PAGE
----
If presents are what you are after, there are some nice ideas out there – check out the Alzheimer’s Store.
This blog entry, however, focuses on the gift of your presence. Is there anything better than fully being with another person, in a relaxed, fun, comfortable way? How can we give more of that to our loved ones who are living with dementia? Let me count the possibilities!
- We can step out of our comfort zone a tad to communicate more effectively. We may simply need to be a bit louder, to utilize more gestures and to add a little more energy and expression into our words and our tone of voice.
- We can avoid arguing with the person about their view of reality. (If you have ever won an argument with a person who is living with dementia, well, that’s a first!) We can practice recognizing and acknowledging whatever emotions the person is expressing. I think of this as crossing to their side of the street, looking around, and reporting on what we see. “I get it, Mom. Of course, you’re angry. I would be too.”
- Sometimes a simple apology is validating. “I’m so sorry, Dad. I can see I’ve upset you.” Validation opens up some space. In that space, you can then change the subject to something else that is meaningful to the person. “I always feel better after a walk. Let’s stretch our legs and find a cup of coffee.”
- If the person is not averse to being touched, we can use gentle touch to connect, reassure, and to express affection. As dementia progresses, the person may crave good, solid, sincere, gentle touch, as opposed to a cursory pat on the back or a brief hug. Might the person enjoy a little longer hug or a touch on the upper arm that lingers? I think if I were a person living with dementia, I would feel like your gentle (but firm) touch on my arm was telling me, “I am glad you are here. I appreciate you.” If you held BOTH my hands, not just one, I would think, “WOW, that’s nice!” If I fondly remember my mother cupping my face with both her hands, I might even love it if you would do that for me now! If you have a parent living with dementia who gave you nurturing, gentle touches as a child, consider whether giving those same kinds of touches back to your parent now might be a comfort. It’s possible that they got those same sorts of touches from a beloved parent!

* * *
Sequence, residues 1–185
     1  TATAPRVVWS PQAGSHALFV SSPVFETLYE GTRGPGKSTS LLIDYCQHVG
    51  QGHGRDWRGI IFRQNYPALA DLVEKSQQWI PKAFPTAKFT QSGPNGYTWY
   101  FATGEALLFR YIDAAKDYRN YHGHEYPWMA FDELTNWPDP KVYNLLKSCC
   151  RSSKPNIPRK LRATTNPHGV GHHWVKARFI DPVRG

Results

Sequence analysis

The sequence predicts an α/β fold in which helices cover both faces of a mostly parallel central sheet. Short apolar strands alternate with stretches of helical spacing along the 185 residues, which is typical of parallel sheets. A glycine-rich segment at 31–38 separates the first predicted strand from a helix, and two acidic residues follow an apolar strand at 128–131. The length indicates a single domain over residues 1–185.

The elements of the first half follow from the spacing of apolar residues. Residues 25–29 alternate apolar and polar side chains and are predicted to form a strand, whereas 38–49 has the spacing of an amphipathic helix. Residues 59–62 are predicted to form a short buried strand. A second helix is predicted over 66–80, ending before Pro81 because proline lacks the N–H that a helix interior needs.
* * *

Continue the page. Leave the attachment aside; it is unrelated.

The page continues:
- We can think out of the box to try new ways of communicating and spending time together, whether our visits are in person or virtual. Especially if conversation is becoming more of a struggle as dementia progresses, how about keeping conversation to a minimum in favor of doing things together?
Sing your person’s favorite song(s)?
Read and discuss favorite holiday recipes?
Read a short poem out loud. Perhaps something the person has memorized which is still intact in that long-term memory.
Remind them of a favorite or funny holiday memory?
Even virtually, if it can be arranged for you both to have an adult coloring book and some crayons or colored pencils at the ready, you could color together.
If each of you have a cup of tea or coffee nearby, you can toast one another.
Play peaceful holiday music, listen together, and breathe deep.
Move to the music. Movement is critical in preventing falls and in keeping our brains working well. Whatever limitations we may have, we must keep moving whatever we can still move! Invite your loved one to move with you: circle your wrists, roll your shoulders, reach up or out or down, touch each finger one at a time to the thumb, march in place and/or do whatever other movements may conform to both your abilities.
If visiting virtually and your session is just about over, how about saying goodbye by kissing the screen? I bet they will get a kick out of your big lips!
I don’t expect every idea here to be an ideal fit for you and your loved one, but I do hope this grab bag will inspire you to explore what will work for you both, so that you can more successfully share YOU, your PRESENCE with them, during this holiday time and beyond!
Blessings to you and yours.
--Marysue Moses, Ebenezer Dimensions Program Coordinator